Hong Kong’s 18-Year-Old Protest Leader Is Sticking to His Hunger Strike

By
Student leader Joshua Wong sits next to his tent during his hunger strike at the occupied area outside government headquarters in Hong Kong Tuesday, Dec. 2, 2014. A prominent Hong Kong teen protest leader said Monday he's going on a hunger strike after a failed attempt by pro-democracy activists to step up their flagging movement for democratic reforms by surrounding government headquarters. (AP Photo/Kin Cheung)
Photo: Kin Cheung/AP/Corbis

Hong Kong student activist and protest leader Joshua Wong is on a hunger strike. The scrawny Scholarism leader says he’ll continue his protest as the ultimate effort to get a meeting with officials after months of pro-democracy protests, even as his older colleagues in the Occupy movement have abandoned him and turned themselves in to authorities. 

I know it is really harmful to my body, however it is the only way to give pressure to the government to get a meeting with us,” Wong said as he explained his hunger strike to CNN. “If the government can have a proper meeting with [activist group] Scholarism to discuss whether political reform will be launched immediately, we will stop the hunger strike.”

Image
Pro-democracy protesters clash with police outside Hong Kong's Government complex on December 1, 2014 in Hong Kong. Photo: Chris McGrath/Getty Images

Following crackdowns on protestors Monday, Benny Tai, Chan Kin-man, and Chu Yiu-ming — two professors and a pastor — surrendered their role as leaders of the parallel Occupy Central With Love and Peace movement. “As we prepare to surrender, we three urge the students to retreat — to put down deep roots in the community and transform the movement to extend the spirit of the Umbrella Movement,” they said in an open letter. At a press conference Tuesday, they said they would surrender to authorities by Wednesday night, even though there is no outstanding warrant for their arrest.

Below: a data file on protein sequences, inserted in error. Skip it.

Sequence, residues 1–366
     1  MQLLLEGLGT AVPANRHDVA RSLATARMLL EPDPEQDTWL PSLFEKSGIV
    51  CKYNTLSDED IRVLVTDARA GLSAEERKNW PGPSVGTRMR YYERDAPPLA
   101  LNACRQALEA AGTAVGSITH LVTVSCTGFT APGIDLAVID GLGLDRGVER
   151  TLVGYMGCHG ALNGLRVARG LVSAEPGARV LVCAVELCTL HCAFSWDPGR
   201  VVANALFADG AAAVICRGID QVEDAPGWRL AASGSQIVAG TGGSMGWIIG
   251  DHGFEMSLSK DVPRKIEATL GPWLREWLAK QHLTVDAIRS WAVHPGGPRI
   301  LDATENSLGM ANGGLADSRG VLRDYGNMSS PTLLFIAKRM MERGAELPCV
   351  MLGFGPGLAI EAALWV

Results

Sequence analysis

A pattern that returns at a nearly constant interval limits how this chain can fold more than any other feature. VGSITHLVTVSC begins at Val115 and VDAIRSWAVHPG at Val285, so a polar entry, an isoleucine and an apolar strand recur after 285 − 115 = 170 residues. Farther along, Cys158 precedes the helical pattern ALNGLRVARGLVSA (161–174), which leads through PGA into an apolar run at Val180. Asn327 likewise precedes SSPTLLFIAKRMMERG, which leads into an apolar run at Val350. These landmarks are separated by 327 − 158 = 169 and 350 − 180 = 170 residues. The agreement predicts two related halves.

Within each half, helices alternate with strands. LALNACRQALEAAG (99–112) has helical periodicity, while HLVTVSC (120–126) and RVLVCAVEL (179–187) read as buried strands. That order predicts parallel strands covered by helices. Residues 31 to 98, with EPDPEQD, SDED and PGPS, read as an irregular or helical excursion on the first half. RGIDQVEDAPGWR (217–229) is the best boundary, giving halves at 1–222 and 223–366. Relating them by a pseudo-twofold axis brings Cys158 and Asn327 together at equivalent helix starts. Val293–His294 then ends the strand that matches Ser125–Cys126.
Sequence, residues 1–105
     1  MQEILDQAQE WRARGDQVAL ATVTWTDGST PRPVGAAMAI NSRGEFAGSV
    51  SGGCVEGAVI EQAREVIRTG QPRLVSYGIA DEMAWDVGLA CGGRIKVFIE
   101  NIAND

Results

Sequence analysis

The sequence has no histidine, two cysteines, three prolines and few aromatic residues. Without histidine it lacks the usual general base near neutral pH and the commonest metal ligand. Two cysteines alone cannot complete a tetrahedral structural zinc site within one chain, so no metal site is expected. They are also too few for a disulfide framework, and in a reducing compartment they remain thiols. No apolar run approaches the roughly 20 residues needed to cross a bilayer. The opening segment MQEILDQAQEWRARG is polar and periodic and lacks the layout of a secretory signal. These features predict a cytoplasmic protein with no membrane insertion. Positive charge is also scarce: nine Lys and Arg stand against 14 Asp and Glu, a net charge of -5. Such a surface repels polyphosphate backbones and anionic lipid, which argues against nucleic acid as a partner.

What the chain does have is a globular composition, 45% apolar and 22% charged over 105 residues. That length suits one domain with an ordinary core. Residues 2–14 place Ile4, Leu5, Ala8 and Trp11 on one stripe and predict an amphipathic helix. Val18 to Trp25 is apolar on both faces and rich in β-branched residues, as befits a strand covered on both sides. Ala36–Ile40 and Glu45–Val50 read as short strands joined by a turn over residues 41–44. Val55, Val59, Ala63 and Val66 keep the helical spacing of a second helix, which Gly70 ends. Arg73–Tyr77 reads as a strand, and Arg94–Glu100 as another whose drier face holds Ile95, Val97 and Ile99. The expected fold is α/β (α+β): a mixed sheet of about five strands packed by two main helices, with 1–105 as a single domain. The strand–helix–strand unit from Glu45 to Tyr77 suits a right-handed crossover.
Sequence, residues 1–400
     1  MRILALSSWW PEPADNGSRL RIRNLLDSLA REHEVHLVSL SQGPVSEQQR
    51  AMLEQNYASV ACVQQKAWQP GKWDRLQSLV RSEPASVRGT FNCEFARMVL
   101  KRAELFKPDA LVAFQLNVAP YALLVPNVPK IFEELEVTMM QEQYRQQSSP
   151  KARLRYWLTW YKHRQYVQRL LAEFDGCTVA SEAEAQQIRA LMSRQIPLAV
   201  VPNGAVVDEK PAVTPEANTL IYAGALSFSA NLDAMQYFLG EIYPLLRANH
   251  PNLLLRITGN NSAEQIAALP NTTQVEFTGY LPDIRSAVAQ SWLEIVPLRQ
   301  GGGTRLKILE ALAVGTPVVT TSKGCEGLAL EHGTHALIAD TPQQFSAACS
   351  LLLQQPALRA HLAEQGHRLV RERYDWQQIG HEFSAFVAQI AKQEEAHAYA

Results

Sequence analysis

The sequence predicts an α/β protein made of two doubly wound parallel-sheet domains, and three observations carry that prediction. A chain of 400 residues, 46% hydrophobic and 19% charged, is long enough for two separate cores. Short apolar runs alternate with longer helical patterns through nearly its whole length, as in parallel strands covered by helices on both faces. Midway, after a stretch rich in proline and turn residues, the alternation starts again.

Image
A pro-democracy protester is covered in pepper spray as he hangs onto a barricade during clashes with police forces at a pro-democracy rally in the Admiralty district of Hong Kong on November 30.Photo: Philippe Lopez/AFP/Getty Images

But as happens with many coalitions, Hong Kong’s protestors are choosing between different leaders with different styles. CNN reports that, despite widespread distaste for the protestors, the middle-aged troika doesn’t have enough popular support for its resignation to be meaningful. The movement, meanwhile, is still no closer to its goal of democratic elections. “We do not have any plan,” activists told the network.